In prior years, a player of Brett Kulak’s calibre would have spent the majority of his time in Edmonton’s top four. A big, physical, 6’7 defenceman like Vincent Desharnais would have likely obtained an opportunity in the top four at some point as well. The fact that both have spent nearly the entire season on Edmonton’s third pair is a testament to Edmonton’s improved defensive depth.
There has often been heavy criticism towards Edmonton’s defensive play, but ever since the coaching change, they have been one of the league’s top defensive teams, averaging just 2.3 goals against per hour since November 12, second in the NHL. Since the beginning of their historic sixteen-game win streak, they rank first, allowing a mere 1.5 goals per hour.
Of course, Stuart Skinner has played a massive role here. There is no doubt that he has played as a true NHL starter since the beginning of December.
However, Edmonton’s defence deserves significant credit. They remain the only team in the league with two defensive pairs in the top ten in 5v5 xG%. Ekholm and Bouchard are emerging into one of the league’s best defensive pairings, and while Kulak and Desharnais have been quite sheltered, can you ask much more out of a third pairing?
This defensive core does possess the potential to be one of the most well-rounded in the league.

The (continued) mediocrity of the Darnell Nurse and Cody Ceci pairing

Oct 27, 2022; Chicago, Illinois, USA; Edmonton Oilers defenseman Darnell Nurse (25) skates with the puck against the Chicago Blackhawks during the first period at the United Center. Mandatory Credit: Mike Dinovo-USA TODAY Sports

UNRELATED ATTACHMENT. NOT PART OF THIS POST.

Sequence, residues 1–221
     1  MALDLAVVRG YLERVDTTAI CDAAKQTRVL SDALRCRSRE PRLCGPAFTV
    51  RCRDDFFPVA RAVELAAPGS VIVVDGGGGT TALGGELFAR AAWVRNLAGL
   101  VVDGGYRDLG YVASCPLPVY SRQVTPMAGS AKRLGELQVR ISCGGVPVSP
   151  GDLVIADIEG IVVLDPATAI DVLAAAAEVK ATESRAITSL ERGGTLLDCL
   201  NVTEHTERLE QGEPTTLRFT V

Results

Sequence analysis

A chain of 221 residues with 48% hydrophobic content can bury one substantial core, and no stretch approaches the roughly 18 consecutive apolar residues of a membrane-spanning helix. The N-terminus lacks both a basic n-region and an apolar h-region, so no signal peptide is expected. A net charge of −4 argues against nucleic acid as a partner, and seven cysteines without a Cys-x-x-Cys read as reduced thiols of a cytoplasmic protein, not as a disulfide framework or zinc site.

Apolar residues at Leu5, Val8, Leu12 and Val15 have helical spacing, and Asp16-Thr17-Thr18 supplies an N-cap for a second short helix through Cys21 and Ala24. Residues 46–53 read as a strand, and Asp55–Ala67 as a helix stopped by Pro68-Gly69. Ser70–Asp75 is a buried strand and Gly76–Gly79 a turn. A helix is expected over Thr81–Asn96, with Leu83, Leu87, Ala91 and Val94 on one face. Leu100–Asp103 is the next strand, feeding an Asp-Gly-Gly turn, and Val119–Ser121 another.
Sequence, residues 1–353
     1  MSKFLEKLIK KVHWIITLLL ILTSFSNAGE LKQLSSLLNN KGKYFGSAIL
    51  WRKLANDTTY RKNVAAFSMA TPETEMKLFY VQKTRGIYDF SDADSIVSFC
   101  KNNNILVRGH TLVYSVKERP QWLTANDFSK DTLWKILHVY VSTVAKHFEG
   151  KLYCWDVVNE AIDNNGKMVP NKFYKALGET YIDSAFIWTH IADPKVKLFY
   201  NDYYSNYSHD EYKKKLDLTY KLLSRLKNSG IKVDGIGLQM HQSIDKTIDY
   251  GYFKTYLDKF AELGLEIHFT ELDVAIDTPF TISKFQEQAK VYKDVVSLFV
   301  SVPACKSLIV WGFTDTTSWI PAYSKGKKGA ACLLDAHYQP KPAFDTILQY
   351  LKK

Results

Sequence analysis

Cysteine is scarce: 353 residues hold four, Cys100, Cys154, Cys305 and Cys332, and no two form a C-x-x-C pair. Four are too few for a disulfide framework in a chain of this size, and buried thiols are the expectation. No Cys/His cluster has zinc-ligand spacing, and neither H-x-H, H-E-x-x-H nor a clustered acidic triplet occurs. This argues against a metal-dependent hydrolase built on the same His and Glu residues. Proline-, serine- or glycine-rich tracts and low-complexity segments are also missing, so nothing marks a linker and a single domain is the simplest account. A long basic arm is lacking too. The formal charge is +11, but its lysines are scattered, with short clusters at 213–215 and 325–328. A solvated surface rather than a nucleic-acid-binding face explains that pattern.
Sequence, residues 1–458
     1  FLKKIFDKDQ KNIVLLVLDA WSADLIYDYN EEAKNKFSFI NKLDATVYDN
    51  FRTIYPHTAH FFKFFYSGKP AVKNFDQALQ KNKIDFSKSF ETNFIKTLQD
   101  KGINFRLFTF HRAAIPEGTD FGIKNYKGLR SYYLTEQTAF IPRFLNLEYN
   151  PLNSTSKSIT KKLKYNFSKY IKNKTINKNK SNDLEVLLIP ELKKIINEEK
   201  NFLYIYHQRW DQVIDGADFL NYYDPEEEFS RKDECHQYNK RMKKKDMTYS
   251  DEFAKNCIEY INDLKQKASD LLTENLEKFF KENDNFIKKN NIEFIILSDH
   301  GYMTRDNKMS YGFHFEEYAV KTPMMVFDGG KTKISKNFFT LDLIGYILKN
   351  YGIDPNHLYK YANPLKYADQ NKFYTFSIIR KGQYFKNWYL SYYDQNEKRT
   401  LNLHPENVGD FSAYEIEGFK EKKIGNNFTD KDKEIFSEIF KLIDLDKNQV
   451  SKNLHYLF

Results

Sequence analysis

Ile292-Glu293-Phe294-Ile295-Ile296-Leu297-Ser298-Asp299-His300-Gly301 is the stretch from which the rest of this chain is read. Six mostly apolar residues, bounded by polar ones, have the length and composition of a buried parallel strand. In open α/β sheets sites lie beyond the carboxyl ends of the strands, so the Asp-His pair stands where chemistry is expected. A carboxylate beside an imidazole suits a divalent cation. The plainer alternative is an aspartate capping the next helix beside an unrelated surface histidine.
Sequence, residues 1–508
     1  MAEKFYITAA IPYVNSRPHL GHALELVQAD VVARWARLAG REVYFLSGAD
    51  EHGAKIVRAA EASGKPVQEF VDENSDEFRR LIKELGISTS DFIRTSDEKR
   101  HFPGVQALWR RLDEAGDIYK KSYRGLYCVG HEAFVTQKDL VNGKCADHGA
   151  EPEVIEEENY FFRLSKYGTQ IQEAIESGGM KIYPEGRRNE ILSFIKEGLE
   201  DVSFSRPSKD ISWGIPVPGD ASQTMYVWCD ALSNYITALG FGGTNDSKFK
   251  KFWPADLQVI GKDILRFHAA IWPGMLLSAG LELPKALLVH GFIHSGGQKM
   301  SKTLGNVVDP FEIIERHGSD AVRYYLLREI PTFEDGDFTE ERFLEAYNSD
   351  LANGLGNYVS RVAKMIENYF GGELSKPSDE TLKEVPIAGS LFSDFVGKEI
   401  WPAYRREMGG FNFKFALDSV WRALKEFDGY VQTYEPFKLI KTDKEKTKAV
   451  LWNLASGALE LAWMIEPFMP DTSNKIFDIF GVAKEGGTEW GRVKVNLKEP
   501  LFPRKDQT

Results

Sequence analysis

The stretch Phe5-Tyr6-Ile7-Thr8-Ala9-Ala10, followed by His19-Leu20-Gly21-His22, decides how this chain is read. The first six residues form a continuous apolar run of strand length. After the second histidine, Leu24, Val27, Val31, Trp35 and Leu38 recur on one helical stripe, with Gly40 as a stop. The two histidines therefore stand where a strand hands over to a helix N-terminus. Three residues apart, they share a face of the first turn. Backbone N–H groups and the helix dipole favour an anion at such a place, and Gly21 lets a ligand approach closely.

On the other hand, the Darnell Nurse and Cody Ceci pairing has not had nearly as much success. 
In regards to the list above, the Nurse-Ceci pair would rank 54th in the league in 5v5 xG%, at 50 percent. The raw metrics are certainly not bad, but relative to their other defensive pairs, it is underwhelming. Considering that the Oilers are currently the best team in the league in terms of 5v5 xG%, you would expect more. Edmonton’s scoring chance differential drops by a full 10 percent with the Nurse – Ceci pair on-ice.
The defensive stats, most notably against top competition, are more concerning. Overall, they rank 95th out of 102 pairings in on-ice chances allowed per hour. 
Amongst all defencemen with a minimum of 150 minutes against elite competition, no defencemen in the entire league have a worse relative impact on suppressing dangerous shot attempts (DFA/60) against elites than Nurse and Ceci.
Fortunately, the pair have still managed to out-score opponents 31 to 25. However, a major reason is that the Oilers have a 0.930 on-ice save percentage with the pairing on-ice.
Historically, only a few elite defencemen in the league possess the ability to consistently sustain a high on-ice save percentage (oiSV% is primarily influenced by goaltending and simple puck luck), and Nurse and Ceci don’t seem to be among that list, as their oiSV% has fluctuated throughout their careers. When you consider that the pair was out-scored in the 2022-23 regular season (46 to 48) and playoffs (6 to 8), it is quite reasonable to suggest their current goal differential may not be sustained, especially against more difficult playoff teams.
Put simply, Nurse and Ceci are allowing quite a lot of dangerous shots and chances, and history suggests their current (actual) goals-against rate is unlikely to be sustained. Considering that their mediocre results have continued for the second straight season in a row, this is a weak point, and an area that could certainly benefit from an upgrade.
A common argument I have heard is the fact that Nurse and Ceci have spent far less time with the McDavid line than the Ekholm and Bouchard pairing has, which is certainly true.